Fans of slow food and warm fiction will enjoy this literary bauble. A restaurant owner, who learned as a child that food has a magical ability to cure people of their heartaches, teaches a Monday evening cooking class in her restaurant. Her students learn to savor the sensual delights of cooking-aromas, taste, color-and to treasure each other. The food awakens memories in some, renews in others their zest for living, and lubricates romantic attachments. Bauermeister clearly loves food and has written a novel that celebrates it as a crucial part in the flourishing of human relationships.
Nesbø is one of the new crop of Scandinavian mystery writers whose work is now translated into English. In Nemesis, Oslo cop Harry Hole, an alcoholic who still occasionally finds refuge in a bottle, must solve a series of bank robberies and a murder-for which he becomes the prime suspect. Nesbø's complex plot unfolds in jarring fashion (and with some crude language) as he cuts back and forth in time and points of view to establish the psychology of his characters. Since some of the plot lines continue from Redbreast, an earlier novel, it would make sense to read that book first. Harry Hole is a flawed Western hero with personal demons that threaten but don't overcome his integrity.
This book of short stories deserves all the praise it has received. Lahiri, author of The Namesake, writes about the children of immigrants from India to America, many of them either born here or with only faint memories of their homeland. Most of the fathers in the stories came here to study and stayed to teach at Harvard. Their wives raised children and cooked, existing almost entirely within the Bengali community. The children are between cultures, alienated from their parents' lives and not entirely comfortable in their own. Although the stories all resonate around the same themes, Lahiri populates them with distinctive characters and unique circumstances.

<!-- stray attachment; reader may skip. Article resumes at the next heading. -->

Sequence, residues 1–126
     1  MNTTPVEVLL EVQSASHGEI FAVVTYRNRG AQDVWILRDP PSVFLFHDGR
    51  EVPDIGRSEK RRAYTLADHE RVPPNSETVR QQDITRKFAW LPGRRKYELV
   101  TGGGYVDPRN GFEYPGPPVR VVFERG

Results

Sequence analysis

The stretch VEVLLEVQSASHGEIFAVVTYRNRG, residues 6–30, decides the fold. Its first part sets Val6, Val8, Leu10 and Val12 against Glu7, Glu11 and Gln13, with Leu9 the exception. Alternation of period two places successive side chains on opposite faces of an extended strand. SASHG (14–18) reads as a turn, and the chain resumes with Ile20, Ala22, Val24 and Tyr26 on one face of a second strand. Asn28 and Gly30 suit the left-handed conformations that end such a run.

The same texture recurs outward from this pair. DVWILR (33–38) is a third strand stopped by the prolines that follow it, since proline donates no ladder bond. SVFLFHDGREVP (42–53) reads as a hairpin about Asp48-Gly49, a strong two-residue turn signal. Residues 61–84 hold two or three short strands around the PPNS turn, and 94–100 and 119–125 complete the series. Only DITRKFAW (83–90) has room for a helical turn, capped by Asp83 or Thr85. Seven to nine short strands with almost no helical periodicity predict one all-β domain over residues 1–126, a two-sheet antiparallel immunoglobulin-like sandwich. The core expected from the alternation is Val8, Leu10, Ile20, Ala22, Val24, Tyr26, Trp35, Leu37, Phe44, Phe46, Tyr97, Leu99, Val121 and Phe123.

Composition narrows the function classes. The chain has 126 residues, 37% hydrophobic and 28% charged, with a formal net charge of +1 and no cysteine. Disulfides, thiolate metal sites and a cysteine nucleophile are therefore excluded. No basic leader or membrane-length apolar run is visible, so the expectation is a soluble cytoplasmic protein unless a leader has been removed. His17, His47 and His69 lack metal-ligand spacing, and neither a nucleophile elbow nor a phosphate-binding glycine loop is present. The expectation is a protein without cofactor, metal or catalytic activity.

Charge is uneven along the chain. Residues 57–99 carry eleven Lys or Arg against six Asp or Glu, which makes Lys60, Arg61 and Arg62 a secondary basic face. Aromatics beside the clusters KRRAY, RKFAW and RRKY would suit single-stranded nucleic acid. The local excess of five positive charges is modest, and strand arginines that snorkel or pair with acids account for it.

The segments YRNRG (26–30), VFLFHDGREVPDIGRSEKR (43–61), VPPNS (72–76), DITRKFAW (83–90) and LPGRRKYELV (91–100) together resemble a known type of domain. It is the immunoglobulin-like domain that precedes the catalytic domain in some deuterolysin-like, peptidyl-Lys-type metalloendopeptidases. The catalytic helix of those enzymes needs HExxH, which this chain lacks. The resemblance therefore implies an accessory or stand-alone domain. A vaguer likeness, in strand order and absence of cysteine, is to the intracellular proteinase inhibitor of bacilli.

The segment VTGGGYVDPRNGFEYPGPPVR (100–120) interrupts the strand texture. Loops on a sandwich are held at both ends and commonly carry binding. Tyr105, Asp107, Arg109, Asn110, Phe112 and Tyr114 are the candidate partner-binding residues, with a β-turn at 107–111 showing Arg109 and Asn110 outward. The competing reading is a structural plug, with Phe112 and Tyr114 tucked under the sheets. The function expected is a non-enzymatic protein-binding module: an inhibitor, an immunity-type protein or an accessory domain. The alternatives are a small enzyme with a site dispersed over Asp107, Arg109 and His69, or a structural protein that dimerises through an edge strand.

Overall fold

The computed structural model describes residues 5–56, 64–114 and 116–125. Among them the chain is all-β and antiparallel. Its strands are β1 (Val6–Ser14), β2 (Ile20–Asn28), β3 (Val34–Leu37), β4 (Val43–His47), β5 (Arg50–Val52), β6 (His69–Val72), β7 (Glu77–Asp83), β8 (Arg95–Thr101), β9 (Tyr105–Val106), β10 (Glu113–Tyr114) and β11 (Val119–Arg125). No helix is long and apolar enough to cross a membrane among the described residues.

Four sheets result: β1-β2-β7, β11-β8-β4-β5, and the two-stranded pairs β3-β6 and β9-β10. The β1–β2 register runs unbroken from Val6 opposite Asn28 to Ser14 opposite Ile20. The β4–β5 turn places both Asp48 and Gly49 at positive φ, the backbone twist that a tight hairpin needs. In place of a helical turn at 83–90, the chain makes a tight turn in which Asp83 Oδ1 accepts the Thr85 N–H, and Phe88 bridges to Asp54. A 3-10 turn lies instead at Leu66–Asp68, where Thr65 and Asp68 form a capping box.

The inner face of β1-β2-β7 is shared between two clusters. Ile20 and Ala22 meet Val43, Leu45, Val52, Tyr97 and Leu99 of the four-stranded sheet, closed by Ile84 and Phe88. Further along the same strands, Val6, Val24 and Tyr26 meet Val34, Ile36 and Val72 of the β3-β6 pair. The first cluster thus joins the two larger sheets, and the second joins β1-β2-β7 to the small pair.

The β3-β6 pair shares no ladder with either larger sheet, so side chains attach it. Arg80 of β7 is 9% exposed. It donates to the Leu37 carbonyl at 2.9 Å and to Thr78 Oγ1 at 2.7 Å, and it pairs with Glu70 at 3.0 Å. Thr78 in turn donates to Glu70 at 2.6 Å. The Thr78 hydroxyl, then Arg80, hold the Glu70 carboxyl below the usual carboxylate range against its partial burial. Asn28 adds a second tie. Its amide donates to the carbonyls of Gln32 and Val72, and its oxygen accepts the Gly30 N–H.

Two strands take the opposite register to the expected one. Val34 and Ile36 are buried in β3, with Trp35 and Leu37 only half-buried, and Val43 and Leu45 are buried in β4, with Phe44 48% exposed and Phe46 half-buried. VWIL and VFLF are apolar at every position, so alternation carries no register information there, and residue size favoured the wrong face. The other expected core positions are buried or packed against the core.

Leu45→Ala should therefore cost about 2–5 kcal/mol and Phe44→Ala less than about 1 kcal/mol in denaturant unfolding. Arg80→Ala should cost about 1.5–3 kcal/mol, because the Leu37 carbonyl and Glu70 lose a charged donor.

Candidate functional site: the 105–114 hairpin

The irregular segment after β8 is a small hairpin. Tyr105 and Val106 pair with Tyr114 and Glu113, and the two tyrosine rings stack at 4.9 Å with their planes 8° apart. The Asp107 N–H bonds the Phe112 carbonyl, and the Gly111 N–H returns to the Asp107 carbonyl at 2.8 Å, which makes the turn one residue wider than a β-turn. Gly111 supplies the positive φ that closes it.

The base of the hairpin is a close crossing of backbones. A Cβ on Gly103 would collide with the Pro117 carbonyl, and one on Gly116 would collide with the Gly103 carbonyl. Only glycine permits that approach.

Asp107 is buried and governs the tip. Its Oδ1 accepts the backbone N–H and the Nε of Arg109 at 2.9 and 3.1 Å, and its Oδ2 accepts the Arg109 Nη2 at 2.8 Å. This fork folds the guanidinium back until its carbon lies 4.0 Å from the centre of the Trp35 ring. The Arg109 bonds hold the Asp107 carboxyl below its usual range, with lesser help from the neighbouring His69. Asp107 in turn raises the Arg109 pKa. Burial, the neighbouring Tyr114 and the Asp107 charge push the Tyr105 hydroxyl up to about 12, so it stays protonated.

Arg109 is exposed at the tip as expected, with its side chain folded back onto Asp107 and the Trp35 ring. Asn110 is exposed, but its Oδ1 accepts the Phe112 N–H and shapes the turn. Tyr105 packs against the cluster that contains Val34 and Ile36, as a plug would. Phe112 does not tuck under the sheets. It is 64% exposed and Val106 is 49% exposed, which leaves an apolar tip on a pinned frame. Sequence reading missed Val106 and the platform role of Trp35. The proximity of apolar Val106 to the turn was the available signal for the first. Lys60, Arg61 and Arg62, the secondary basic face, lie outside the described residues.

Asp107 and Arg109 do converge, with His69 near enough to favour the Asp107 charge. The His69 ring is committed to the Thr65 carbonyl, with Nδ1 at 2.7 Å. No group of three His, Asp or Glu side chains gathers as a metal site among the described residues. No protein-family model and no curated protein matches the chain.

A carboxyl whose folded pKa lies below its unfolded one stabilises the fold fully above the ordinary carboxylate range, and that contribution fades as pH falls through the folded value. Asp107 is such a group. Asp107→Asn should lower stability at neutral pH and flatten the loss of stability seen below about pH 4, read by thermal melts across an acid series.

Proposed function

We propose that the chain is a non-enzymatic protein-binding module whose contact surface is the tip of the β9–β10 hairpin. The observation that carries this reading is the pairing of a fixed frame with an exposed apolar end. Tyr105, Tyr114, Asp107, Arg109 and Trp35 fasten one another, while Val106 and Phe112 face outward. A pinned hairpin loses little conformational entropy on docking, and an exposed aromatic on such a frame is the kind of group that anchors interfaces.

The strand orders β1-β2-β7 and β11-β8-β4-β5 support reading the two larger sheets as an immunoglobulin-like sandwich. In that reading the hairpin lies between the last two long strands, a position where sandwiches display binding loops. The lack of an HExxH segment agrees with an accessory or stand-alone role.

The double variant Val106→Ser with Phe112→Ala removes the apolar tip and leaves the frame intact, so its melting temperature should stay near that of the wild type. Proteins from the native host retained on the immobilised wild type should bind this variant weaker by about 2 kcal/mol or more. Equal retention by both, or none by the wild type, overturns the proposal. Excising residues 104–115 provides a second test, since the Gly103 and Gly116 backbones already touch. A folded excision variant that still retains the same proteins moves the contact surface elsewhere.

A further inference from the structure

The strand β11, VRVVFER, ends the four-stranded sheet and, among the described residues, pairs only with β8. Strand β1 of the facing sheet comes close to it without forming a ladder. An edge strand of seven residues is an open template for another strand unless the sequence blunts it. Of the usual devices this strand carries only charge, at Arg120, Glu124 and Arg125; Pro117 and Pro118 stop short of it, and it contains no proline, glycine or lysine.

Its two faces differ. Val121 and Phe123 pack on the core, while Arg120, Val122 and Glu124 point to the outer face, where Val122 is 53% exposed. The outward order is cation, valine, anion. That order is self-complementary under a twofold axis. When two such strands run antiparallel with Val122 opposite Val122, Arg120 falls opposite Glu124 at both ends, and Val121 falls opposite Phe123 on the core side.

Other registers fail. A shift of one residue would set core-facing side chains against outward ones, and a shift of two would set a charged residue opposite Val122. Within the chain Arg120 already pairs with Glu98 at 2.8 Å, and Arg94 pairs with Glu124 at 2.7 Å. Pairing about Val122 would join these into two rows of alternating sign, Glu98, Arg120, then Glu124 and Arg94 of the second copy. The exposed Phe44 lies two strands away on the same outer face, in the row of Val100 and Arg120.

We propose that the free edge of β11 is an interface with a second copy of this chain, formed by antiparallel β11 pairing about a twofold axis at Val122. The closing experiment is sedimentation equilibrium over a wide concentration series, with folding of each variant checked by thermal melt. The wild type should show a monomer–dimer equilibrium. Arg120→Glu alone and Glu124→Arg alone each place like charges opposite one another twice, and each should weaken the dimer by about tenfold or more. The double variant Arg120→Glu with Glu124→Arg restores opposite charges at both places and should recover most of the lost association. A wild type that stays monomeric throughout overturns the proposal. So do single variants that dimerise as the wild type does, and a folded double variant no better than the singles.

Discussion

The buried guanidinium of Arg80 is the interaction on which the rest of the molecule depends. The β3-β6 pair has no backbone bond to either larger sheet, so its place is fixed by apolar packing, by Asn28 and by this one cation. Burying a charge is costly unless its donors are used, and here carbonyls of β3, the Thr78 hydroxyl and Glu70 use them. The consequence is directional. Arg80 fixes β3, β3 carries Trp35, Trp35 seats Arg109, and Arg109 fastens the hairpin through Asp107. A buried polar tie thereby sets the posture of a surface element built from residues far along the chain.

A woman with a very sick child contacts the Fife, Scotland, cold case review team to urge an investigation into her father's disappearance nearly 23 years earlier. She hopes he'll be a suitable bone marrow donor if found. At the same time a wealthy businessman receives new information about the unsolved kidnapping/murder of his daughter and grandson-which also happened the same year. It takes the dogged skills of an investigative reporter and a female detective to figure out how the pieces fit together. McDermid roots her tale in the politics and sociology of a ruinous 1984 miner's strike, and her gritty realism (including foul language) captures the grinding poverty of 1980s Scotland.
Writer Susan Cooper wrote about "that wonderful feeling of going into a library when you're young and have much yet to read. It's like entering Aladdin's cave: all those books, all that delight, waiting." Every reader knows that feeling of anticipation. But most of us also want suggestions about what to read next, and several websites offer them.
Writers Read (whatarewritersreading.blogspot.com) helps broaden your book search in two ways: The website introduces writers with whom you might not be familiar and asks them what they are reading. Their answers provide clues to their worldviews, which may help you decide whether to follow their leads or not.
Flashlight Worthy (flashlightworthybooks.com) recommends "books so good, they'll keep you up past your bedtime." It has lists of favorite reading club books and favorite locked room mysteries, favorite books of the "famous & accomplished," and various children's book lists. You might not agree with all the suggestions, but they provide good starting points. The website allows readers to suggest books that should be added to various lists and to provide lists of their own.